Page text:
Lewis traces the Dirty War's origins back to military interventions in the 1930s and 1940s, and the rise of General Juan Peron's populist regime, which resulted in the polarization of Argentine society. Peron's overthrow by the military in 1955 only heightened social conflict by producing a resistance movement out of which several guerrilla organizations would soon emerge. The ideologies, terrorist tactics, and internal dynamics of those underground groups are examined in detail, as well as their links to other movements in Argentina and abroad. The guerrillas reached the height of their influence when the military withdrew from power in 1973 and turned over the government to Peron's puppet president, Hector Campora. They quickly found themselves in opposition again after Peron returned from exile, and as Peronism dissolved into factions after Peron's death, the military prepared to take power again, inspired by a new National Security Doctrine. The origins of this ideology in U.S. Cold War doctrine and in French revolutionary war doctrine are fully explored because the Argentine military's Dirty War strategy and tactics grew directly out of these ideas. The arrests, the treatment of prisoners, and the mindset of the interrogators are treated in detail. Special attention is given to the anti-guerrilla war in Tucuman's jungles, the strange history of David Graiver (the guerrillas' banker) and the Timerman case. In the concluding section of the book, Lewis describes the intrigues that undermined the military regime, its retreat from power, and the human rights trials that were held under the new democratic government. Those trials eventually were stopped by military revolts. Presidential pardons followed and have left Argentina divided once more. This is an important survey for scholars and students of Latin American politics, contemporary history, and civil-military relations.
PAUL H. LEWIS is Professor of Political Science at Tulane University. An authority on Latin American political history, Professor Lewis has published six earlier books, including Paraguay Under Stroessner, The Crisis of Argentine Capitalism, and Political Parties and Generations in Paraguay's Liberal Era.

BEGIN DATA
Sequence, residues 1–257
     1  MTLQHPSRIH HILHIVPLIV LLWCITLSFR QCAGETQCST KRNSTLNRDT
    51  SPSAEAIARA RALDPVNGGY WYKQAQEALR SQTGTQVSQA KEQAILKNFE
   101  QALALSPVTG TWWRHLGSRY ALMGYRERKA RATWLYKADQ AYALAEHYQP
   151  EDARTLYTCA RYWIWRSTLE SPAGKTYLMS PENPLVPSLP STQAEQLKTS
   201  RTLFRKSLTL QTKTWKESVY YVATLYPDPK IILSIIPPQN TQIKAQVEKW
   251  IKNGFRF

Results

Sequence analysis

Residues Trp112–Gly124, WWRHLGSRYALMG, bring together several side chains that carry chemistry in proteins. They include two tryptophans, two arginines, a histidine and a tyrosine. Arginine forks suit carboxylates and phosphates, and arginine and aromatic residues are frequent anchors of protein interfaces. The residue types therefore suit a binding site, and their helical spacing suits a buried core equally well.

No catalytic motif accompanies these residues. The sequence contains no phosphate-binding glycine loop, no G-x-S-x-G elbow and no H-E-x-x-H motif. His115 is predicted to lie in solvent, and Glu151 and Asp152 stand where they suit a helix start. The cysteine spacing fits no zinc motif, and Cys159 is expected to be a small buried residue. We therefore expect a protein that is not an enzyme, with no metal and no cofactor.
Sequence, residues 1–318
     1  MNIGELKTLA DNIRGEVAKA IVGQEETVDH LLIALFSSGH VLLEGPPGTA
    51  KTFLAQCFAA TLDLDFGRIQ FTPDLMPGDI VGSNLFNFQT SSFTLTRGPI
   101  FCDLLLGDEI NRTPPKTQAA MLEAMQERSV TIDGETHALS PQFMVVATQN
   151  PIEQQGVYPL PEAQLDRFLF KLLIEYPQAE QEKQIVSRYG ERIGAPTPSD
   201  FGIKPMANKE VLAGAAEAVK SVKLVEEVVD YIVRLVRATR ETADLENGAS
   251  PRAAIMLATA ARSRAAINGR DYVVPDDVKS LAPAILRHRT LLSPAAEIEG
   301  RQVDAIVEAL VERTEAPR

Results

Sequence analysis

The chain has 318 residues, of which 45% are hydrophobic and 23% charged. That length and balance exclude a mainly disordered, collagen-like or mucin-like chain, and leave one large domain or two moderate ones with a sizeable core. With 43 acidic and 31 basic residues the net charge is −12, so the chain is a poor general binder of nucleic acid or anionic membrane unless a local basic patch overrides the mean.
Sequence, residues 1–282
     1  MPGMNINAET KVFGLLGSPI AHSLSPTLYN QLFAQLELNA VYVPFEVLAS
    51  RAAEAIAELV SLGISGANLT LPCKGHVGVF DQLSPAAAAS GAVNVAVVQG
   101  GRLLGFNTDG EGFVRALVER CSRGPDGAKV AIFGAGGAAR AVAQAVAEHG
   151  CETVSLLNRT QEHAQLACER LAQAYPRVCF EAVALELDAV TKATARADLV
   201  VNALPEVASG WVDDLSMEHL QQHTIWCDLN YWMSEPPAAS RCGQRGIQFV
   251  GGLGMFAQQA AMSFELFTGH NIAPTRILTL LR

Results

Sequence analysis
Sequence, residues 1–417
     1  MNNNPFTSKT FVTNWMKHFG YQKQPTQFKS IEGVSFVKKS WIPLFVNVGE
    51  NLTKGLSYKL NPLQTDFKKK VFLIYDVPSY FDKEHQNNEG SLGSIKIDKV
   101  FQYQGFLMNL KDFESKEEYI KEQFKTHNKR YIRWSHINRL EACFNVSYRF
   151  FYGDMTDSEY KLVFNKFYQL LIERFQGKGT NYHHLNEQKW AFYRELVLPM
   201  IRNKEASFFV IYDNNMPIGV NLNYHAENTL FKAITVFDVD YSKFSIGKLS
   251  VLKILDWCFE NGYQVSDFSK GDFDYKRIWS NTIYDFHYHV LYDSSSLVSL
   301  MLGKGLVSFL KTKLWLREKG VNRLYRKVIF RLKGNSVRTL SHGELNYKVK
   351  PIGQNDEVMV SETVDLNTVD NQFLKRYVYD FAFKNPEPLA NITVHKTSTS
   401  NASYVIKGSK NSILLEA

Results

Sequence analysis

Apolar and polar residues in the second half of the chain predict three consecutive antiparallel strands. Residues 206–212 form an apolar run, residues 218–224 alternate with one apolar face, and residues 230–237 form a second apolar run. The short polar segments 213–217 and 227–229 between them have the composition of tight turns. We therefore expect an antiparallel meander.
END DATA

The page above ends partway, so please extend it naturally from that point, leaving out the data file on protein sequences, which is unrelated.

In contrast to most theorizing, revolutionary leaders almost invariably come from the privileged, even aristocratic classes. The findings raise the issue of how well these leaders actually represent the peoples for which they claim to speak. They also prompt questions about the democratic nature of guerrilla organizations. If the leaders are so far removed, by social background and education, personal experience and ideological articulation, from their followers, how realistic is it to see the Left as a purveyor of progress? Perhaps it is more correct, say the contributors, to see their claims as manipulative tactics directed to resolving a struggle for power among competing elites.
The selection of topics ranges from the historical development of revolutionary struggles since Che Guevara (Halperin and Ratliff) to the more specific application and motivation behind them (Ybarra-Rojas and Tismaneanu). Chapters deal with the attempt to define a typology of revolutionary leaders (Radu) and their Western supporters (Hollander). Some authors (Payne, Horowitz) combine .these approaches.
Many issues examined in this volume are new, including an analysis of the gap between the internationalist outlook of the leaders and the parochial views of their followers. The violent organizations of the Left in Latin America are shown to be largely the functional result of upper- and middle-class leaders who combine an appeal to the lumpenproletariat at home with support of alienated Westerners to pursue their own elitist agenda.
In the most comprehensive treatment of the subject to date, Hodges examines primary materials never seen by other researchers, including clandestinely published guerrilla documents, and interviews important actors in Argentina's political drama. His wide-ranging scholarship traces the origins of the national security and national salvation doctrines to the Spanish Inquisition, sixteenth-century witch hunts, and nineteenth-century reactions to the modernizing ideologies of liberalism, democracy, socialism, and communism.
Hodges posits that the "dirty war," Military Process, and revolutionary war to which they responded represented the culmination of social tensions that arose in 1930 with the launching of the Military Era by Argentina's first successful twentieth-century coup. He offers the disquieting hypothesis that as long as the "Argentine Question" remains unsettled the military may intervene again, the resistance movement will remain strong, and violence may continue even under a democratic government.